A dying tree may look perfectly healthy from the outside, while inside the trunk is beginning to rot, or worse, the roots are slowly dying. This leads to a hazard, since the tree can topple unexpectedly during a storm or on a windy day, resulting in property damage or injury. The following signs can help you spot trouble early, so that you can have the tree treated or removed before it becomes a danger.

Sign #1: Branch or leaf die back

One of the first signs of trouble is minor die back. Small limbs may die, or the leaves near the tips of branches by wither prematurely. In some cases, entire large branches may fail. This is often indicative of either a viral disease that is killing the tree, or root death. In some cases, though, it could just be a temporary fungal or insect problem. If the die back isn't severe, wait to see if the tree recovers the following year, since most healthy trees bounce back from minor issues quickly. If the problem persists or worsens, bring in an arborist.

Sign #2: Bark loss

The bark is a key component to a tree's health. It protects the trunk and the cambium layer of the wood, which is where the tree's vascular system is housed. A tree that is dying from the roots or from the heartwood may begin losing bark. It will become dry and brittle, leaving large patches of bare wood. Keep in mind the tree species, though, since some trees, like paper birches, naturally have peeling, brittle bark. Trees rarely recover from conditions that lead to severe bark loss, so it is usually best to have it removed.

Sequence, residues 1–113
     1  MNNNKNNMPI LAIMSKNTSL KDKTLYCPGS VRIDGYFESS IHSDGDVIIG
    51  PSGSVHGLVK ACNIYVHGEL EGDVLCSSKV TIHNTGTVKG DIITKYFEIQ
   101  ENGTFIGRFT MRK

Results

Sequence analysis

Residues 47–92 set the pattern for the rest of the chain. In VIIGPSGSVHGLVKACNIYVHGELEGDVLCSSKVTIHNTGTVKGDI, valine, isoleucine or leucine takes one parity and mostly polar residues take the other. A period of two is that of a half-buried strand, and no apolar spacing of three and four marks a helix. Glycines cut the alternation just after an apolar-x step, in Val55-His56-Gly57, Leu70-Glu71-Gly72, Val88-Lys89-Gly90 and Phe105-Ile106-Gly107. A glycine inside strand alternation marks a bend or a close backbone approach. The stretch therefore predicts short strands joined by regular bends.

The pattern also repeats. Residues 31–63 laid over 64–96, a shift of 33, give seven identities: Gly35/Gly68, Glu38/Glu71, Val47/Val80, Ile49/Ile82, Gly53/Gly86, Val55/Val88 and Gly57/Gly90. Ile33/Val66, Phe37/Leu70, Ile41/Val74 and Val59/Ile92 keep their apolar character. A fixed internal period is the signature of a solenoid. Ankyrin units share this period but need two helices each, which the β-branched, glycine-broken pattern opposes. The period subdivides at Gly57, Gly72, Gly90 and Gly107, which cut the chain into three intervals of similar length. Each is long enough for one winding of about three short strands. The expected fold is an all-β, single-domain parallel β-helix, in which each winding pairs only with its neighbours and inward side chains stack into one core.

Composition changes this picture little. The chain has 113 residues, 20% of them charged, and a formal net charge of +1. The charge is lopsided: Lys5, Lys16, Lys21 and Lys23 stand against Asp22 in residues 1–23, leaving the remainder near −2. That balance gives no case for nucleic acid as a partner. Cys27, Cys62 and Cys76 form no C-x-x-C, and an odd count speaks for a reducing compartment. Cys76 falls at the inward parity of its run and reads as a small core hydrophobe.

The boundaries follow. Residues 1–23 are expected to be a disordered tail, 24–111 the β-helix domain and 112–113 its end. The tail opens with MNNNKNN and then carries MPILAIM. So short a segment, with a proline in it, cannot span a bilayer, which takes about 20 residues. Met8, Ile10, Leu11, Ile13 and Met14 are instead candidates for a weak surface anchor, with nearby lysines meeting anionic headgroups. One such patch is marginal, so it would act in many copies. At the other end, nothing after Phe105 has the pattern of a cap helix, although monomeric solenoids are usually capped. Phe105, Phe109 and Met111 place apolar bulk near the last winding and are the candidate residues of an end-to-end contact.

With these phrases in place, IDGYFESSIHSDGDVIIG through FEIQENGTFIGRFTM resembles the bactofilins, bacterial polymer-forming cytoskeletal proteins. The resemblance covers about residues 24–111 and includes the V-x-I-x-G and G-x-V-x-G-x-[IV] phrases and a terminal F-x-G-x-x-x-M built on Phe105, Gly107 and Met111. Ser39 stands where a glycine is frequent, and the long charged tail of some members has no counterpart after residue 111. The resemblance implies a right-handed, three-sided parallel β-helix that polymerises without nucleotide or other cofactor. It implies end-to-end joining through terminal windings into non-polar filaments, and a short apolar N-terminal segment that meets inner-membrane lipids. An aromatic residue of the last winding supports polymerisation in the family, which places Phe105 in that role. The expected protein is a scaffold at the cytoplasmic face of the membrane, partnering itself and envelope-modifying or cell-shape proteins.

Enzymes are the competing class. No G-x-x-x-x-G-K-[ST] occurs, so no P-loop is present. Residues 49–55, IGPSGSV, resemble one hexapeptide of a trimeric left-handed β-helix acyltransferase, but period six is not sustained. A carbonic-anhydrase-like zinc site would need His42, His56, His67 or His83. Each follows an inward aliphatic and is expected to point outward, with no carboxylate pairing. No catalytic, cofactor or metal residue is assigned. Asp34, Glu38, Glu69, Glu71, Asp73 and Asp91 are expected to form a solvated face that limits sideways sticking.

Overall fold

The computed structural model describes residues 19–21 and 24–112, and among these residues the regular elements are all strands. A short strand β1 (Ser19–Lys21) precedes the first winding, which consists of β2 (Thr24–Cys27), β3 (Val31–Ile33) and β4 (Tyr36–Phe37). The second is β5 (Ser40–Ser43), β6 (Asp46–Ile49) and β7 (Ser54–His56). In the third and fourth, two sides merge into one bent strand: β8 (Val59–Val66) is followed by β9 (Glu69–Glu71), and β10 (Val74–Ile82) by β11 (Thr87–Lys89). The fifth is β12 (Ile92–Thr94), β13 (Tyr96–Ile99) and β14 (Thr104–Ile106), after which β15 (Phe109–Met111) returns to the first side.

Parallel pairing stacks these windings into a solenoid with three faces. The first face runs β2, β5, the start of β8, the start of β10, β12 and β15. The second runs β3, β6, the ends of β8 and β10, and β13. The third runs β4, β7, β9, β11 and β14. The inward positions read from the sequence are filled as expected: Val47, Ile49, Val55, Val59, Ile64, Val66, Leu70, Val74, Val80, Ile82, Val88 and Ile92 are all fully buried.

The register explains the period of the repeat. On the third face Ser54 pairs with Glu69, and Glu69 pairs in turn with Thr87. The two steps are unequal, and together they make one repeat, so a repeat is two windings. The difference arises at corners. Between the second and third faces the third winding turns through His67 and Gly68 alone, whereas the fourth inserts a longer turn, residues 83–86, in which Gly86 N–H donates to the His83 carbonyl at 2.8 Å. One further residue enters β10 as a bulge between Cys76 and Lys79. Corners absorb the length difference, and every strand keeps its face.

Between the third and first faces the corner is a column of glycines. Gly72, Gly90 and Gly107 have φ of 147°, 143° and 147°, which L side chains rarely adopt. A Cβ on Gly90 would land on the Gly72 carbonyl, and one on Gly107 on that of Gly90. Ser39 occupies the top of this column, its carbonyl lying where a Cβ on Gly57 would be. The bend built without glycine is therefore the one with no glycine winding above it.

Sign #3: Insect infestations

Dying trees often become weak, which makes them susceptible to insect infestations. If you notice increased insect activity, it's time to bring out an arborist to diagnose the cause and determine if the tree can recover. Woodpeckers, nuthatches, and other birds that feed on tree dwelling insects can also indicate a problem. These birds tend to drum on trees that have insects burrowed into the trunk, since the drumming brings the pests to the surface for feeding. If you notice increased bird drumming activity in a tree, the trunk may be infested.

Sign #4: Fungal growth

Interior rot or root rot are the most common causes for fruiting fungal growth on a tree. If you notice fungus, such as shelf fungus, sprouting from near the base of the tree, chances are the roots have begun to rot. Fungal shelves may also sprout higher up on the trunk if rot is occurring within the trunk. Although the tree may recover with less water and better drainage, chances are it will die soon so it should be removed.

Talk to a tree service company in your area for more help or visit a website like http://www.prtree.com